Tuesday, November 15, 2011

Eight Books, Cloud Nine

I like to tell myself that my book-buying days are largely over. A mere trickle moving through the house. Review copies. An occasional book from the Ridgedale de-acquisition shop. Well, yesterday that trickle became a flood. I picked up eight new books. I was on Cloud Nine.

An order arrived in the mail from Daedalus, the remainder house, at noon. It contained a coffee-table book about clouds, a brief history of the ontological proof for God’s existence, and a revolutionary revision of our understanding of the Middle Ages, Barbarians to Angels, by local archeologist Peter Wells.

Meanwhile, unaware that these goodies would be waiting for me at the front door when I returned, I went out to Ridgedale Library to retrieve a few books I’d requested about the early history of Texas. (Don’t ask me why.) Naturally I stopped into the adjoining bookshop...and left with a healthy stack under my arm. (Total cost: $5)

In that stack was a book of essays about books and reading by Washington Post columnist Michael Dirda; a slim volume of lectures by Jorge Luis Borges titled This Craft of Verse; a full-color travel guide to San Antonio and Austin; a book about tuning musical instruments called Temperament: the Idea that Solved Music’s Greatest Riddle, and a recently-revised Penguin paperback edition of Dante’s La Vita Nuova, (to replace my yellow and crumbling edition of 1982.)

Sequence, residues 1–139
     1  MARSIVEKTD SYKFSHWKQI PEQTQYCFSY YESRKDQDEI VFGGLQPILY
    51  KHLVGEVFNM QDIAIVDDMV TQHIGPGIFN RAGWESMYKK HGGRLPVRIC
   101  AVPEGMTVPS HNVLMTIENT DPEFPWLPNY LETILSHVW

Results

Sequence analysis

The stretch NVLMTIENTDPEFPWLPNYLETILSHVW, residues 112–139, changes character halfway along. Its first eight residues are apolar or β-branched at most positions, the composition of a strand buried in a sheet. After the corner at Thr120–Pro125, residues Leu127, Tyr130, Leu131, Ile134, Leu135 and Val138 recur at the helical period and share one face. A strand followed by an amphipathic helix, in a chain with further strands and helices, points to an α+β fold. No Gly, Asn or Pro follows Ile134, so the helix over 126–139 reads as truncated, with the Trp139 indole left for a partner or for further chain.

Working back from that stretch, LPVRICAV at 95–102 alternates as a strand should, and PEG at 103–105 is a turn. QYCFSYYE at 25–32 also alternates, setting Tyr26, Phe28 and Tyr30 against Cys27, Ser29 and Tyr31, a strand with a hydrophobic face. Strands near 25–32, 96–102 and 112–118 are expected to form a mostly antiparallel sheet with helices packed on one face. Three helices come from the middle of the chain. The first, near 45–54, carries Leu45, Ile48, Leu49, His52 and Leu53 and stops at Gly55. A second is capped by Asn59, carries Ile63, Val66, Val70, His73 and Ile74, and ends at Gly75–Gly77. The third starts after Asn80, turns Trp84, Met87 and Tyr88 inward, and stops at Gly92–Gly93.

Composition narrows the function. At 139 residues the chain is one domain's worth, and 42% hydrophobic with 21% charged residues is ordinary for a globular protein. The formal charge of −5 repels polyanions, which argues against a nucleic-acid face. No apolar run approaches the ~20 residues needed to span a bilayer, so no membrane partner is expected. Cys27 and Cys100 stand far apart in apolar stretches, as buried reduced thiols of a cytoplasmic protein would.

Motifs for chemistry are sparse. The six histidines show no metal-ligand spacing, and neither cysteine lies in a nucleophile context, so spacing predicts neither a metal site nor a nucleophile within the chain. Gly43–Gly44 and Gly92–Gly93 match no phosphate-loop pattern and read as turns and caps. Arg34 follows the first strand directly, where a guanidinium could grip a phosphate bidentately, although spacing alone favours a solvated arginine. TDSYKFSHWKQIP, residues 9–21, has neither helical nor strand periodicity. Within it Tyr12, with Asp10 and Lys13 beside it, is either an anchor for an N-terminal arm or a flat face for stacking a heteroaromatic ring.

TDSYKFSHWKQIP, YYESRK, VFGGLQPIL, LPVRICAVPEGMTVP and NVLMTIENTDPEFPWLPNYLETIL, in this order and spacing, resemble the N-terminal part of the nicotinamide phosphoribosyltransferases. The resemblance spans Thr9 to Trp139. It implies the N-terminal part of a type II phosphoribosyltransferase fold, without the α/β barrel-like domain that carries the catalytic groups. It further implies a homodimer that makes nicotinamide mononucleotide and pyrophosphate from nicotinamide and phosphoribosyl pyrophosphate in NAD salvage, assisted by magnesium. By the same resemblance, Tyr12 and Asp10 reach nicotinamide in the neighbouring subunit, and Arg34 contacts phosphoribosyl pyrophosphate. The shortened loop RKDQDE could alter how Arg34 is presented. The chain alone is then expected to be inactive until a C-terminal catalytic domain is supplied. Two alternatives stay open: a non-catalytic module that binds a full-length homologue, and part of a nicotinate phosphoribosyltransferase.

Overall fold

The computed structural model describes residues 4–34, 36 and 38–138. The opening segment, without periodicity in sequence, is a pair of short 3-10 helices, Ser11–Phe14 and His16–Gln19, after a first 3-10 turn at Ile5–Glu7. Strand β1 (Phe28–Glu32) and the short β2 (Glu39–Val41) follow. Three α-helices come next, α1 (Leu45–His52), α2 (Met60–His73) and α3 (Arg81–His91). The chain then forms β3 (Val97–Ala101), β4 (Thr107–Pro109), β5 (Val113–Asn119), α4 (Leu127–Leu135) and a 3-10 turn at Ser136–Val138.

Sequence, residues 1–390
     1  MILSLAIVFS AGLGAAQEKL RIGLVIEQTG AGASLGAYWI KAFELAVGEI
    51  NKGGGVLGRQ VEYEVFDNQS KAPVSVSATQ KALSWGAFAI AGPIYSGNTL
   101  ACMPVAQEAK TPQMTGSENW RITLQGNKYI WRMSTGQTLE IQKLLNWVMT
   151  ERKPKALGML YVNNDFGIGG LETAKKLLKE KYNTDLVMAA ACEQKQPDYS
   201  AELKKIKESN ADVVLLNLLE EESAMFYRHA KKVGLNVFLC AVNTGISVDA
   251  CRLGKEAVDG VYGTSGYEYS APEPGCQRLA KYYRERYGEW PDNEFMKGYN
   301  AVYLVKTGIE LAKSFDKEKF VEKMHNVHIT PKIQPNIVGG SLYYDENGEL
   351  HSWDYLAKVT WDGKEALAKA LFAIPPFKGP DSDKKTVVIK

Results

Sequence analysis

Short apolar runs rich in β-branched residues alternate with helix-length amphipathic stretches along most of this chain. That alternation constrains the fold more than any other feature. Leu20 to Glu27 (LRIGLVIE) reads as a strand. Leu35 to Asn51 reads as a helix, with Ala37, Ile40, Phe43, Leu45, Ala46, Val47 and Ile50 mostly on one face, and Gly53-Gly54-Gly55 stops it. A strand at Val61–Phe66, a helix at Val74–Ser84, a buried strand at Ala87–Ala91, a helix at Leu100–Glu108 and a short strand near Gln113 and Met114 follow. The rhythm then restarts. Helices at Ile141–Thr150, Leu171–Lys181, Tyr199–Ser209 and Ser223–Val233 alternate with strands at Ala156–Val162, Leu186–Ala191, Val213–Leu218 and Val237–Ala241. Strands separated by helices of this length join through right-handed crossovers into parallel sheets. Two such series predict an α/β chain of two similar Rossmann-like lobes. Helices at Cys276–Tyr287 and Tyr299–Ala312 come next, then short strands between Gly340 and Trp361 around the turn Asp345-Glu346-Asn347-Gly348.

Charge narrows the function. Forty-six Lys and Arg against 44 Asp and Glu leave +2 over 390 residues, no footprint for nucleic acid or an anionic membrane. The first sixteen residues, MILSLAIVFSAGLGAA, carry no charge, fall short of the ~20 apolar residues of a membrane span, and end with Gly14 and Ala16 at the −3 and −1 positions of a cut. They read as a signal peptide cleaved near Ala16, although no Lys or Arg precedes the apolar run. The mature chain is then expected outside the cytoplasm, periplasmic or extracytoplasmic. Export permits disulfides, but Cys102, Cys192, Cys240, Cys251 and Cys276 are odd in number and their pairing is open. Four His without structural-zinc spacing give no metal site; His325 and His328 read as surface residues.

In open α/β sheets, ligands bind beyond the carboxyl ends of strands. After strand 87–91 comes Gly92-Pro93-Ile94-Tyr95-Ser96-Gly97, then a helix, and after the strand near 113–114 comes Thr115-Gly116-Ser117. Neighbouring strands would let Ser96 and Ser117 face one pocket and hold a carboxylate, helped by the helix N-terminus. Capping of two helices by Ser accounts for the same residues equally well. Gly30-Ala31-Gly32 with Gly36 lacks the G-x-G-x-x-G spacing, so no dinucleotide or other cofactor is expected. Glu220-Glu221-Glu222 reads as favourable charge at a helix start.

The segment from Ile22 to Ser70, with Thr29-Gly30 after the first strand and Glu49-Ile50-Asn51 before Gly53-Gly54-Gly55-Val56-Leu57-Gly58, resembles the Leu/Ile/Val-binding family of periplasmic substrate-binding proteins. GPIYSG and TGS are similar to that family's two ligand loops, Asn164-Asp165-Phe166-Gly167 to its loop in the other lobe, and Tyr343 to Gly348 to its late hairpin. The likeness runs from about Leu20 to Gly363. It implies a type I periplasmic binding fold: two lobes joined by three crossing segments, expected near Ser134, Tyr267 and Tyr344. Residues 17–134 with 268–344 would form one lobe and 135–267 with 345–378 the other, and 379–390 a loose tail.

The cloud book has quite a few full-page color photos of various cloud-forms, including the lentil-shaped altocumulus linticularis (sometimes mistaken for a UFO), the high-flying cirrocumulus stratiformis undulatis (otherwise known as “mackerel sky”), and the cumulus humilis (generally wider than they are tall, hence humble and unthreatening).

Among the heaps of cloud lore the book contains, I’ve already spotted one little-known gem: the cumulonimbus cloud, which is often associated with stormy weather, is also the cloud we refer to when we say we’re “on cloud nine.” Why? Because it was the ninth of the ten clouds enumerated in the original 1896 edition of the International Cloud Atlas.


Dentist San Antonio said...

Cool article, thanks for sharing.

Macaroni said...

Thanks! If you're really from San Antonio, I'd be curious to know how you ever found the article...